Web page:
Other works by The Berlin Painter: In 1911, Beazley assigned 38 vases to the Berlin Painter (“master of the Berlin amphora”) and outlined the characteristics of the Berlin Painter’s renderings. His drawing style was described in 1922 and by 1925 there were already 148 vases attributed to the artist. As of today, over 400 works of pottery and fragments are attributed to the Berlin Painter. Because of their masterful artistry, they are highly appreciated and sought by the world’s museums. In the Gregorian Etruscan Museum in the Vatican Museums, there is the beautiful hydria with Apollo sitting on the winged tripod, playing the lyre, as two dolphins below make their way back into waters.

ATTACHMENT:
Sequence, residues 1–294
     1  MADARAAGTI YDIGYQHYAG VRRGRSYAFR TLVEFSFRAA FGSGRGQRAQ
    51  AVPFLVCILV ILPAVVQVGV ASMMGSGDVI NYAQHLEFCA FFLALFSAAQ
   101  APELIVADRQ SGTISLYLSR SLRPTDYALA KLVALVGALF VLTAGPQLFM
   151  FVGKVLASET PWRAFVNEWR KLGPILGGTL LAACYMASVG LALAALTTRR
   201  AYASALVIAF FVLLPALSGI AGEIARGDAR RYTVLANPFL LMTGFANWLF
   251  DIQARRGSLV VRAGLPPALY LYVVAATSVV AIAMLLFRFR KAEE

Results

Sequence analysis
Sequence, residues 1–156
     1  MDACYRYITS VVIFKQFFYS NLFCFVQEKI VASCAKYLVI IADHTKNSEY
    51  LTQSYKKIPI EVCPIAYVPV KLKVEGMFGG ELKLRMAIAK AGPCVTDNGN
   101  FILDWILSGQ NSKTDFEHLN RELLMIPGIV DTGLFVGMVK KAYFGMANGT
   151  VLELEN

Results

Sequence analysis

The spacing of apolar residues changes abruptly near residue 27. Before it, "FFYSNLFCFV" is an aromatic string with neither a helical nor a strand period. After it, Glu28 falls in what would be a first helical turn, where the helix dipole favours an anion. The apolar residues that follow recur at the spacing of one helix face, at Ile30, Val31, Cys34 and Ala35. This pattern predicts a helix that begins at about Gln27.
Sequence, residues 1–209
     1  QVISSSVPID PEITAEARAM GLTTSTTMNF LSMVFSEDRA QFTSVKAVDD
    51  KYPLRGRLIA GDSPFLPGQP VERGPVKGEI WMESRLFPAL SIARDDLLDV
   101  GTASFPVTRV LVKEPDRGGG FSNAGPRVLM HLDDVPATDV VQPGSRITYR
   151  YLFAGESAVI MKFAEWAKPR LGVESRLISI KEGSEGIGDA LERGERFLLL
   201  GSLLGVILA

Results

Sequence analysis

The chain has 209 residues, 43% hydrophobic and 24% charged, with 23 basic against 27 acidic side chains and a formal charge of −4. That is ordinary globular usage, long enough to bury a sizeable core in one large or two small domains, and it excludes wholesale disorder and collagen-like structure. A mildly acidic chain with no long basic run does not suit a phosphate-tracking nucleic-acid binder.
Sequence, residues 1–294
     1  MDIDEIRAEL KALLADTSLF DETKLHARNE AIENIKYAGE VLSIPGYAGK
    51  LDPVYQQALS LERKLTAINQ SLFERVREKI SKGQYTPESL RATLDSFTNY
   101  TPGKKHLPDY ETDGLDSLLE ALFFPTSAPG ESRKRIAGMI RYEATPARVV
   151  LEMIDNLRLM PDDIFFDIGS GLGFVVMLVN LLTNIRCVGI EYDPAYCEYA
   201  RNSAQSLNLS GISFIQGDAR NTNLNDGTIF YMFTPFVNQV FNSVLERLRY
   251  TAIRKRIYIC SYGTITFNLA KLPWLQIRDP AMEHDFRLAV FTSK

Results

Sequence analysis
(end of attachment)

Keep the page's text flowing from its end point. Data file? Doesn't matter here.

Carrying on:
The Metropolitan Museum of Art has 13 vessels. Among them is another hydria, featuring Achilles slaying Penthesilea, the queen of the Amazons. This museum has arguably one of the most exquisite of all vases by the Berlin Painter, the type C amphora with the beautiful walking-singing citharode—youth playing the kithara—on one side and the contest judge on the other side. The Louvre has the largest collection of his vases, for a total of 36. The only cup known to be painted by this artist (although debates over the attribution continue) is in the Agora Museum in Athens. It is called the Gorgos Cup, after the potter Gorgos, who provided the vessel to be decorated. The name "Gorgos" as the maker of the vessel is inscribed on the cup. While some painters were also potters of the vases they worked with (and it is possible the Berlin Painter was among them in some instances), the transition from potter to painter was not at all automatic.